Representation of uncertainty and imprecision between clusters with belief functions

Defense type
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IRISA Rennes
Zuowei Zhang (DRUID)

Clustering  aims  to  divide  massive  data  without  any  prior  information  into  groups with similar data structures or physical structures.  To derive such a proposal, several different clustering strategies have been proposed, such as  partition  based  methods, hierarchical based methods, distribution based methods, spectral based methods, den- sity based methods, grid based methods, machine learning based methods, and neural networks based methods.  But most of the  methods cannot characterize the uncertainty and imprecision between clusters at the same time.  In recent years, evidential clustering (EC),  based on the concept of credal  partition,  has  received a lot of  attention  for its  ability  to  deal  with  this  problem.   It  inherits the  advantages  of  the  theory  of  be- lief functions (TBF) in reasoning about uncertain and imprecise knowledge. However, since EC is still in the development stage, there are still issues such as unclear under-lying  concepts, high computational complexity, and inability to

detect imbalanced or arbitrary clusters, limiting the applications of EC.

In this thesis, we work on proposing some alternative schemes to solve these issues. Specifically, four works are brought forward to handle them one by one. We start from a systematic study of EC. In this work, we present the concepts and definitions of data (inputs), methods (models), and clusters (results) of EC, as well as that of the other types (i.e.  hard/fuzzy/possibilistic ones), based on different theories (i.e.   probability  theory, fuzzy  sets  theory,  possibility  theory,  and  the  theory  of  belief functions). This is because EC is regarded as the evidential version of hard, fuzzy, and possibilistic clustering under the TBF. These concepts and definitions explain why EC can better characterize the uncertainty and imprecision between clusters. Moreover, we also study EC from the seminal to state-of-the-art methods in the context of data-based inputs,  resulting  in  a  coherent  and  comprehensive survey  to  analyze  these  methods. Based  on  the  analysis  of  some  representative  techniques from  different  perspectives (e.g.  center, measure type, complexity), we provide a guiding scheme to help users to choose appropriate evidential methods in their cases.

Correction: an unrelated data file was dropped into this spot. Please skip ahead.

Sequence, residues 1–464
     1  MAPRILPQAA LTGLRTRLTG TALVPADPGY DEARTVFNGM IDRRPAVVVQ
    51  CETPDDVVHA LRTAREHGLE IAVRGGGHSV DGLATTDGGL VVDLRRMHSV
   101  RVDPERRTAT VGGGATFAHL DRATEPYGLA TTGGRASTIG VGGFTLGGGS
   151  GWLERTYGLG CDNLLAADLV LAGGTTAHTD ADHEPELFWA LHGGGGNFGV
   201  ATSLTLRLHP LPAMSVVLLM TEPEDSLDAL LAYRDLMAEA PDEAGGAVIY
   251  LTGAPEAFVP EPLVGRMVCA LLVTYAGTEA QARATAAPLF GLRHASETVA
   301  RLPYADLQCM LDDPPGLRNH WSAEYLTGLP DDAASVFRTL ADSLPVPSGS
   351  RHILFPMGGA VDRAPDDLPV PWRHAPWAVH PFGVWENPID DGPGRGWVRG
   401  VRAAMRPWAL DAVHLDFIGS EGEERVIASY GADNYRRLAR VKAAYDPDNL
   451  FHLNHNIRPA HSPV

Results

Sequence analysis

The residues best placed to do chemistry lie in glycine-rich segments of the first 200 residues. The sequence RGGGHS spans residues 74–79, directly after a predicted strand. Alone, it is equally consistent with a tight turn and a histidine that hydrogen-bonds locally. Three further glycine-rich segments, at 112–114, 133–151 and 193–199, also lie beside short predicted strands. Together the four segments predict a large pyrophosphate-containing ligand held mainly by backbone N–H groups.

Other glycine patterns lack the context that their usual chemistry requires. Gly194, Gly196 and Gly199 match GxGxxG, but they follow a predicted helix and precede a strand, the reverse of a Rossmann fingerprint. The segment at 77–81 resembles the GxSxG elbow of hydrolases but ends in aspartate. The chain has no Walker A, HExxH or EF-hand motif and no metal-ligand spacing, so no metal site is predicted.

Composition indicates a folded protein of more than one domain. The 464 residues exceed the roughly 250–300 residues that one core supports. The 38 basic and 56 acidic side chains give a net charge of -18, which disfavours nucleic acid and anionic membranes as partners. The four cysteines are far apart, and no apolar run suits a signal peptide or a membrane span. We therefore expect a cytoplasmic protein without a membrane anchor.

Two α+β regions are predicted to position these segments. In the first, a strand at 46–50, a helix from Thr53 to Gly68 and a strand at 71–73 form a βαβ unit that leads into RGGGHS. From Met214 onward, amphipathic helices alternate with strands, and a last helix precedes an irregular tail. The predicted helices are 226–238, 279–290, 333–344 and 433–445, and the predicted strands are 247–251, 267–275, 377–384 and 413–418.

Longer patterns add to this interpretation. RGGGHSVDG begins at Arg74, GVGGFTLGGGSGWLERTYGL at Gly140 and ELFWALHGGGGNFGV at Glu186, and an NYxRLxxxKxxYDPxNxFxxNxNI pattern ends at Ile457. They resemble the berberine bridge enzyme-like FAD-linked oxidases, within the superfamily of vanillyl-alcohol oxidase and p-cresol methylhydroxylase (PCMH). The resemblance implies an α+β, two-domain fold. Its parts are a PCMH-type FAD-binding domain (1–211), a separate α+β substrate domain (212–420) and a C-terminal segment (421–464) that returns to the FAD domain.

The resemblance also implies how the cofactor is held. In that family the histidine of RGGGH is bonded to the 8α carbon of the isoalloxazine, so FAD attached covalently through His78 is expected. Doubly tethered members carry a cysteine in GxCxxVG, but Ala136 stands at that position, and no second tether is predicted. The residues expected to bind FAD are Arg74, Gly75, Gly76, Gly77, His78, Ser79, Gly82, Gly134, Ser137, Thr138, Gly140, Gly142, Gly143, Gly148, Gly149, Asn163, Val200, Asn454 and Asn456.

Afterward,  we  introduce  a  dynamic  evidential  clustering  (DEC)  algorithm  for  the issue of the high computational complexity of traditional EC when characterizing the uncertainty  and imprecision  between  clusters. In DEC, most  query objects are considered to  have precise  cluster  information,  so  an  FCM-like  objective  function  is  first employed  and minimized  to  obtain  the  support  levels  of  the  real  singletons  (specific) clusters  to which  the  query  objects  belong.   Then  the  query  object  is  initially  adap- tively assigned  to  the  outlier,  precise  or  imprecise  one  via  a  new  rule  based  on  the conflicts  between  the  different  support  levels.  Each  imprecise  object  is  finally  reassigned to the singleton clusters or related meta-cluster by partial credal redistribution with  the corresponding  dynamic  edited  framework  to  reduce  the  computational  burden.  The proposed DEC method can reduce the complexity to a level similar to that of fuzzy/possibilistic clustering, extending EC’s application in big data.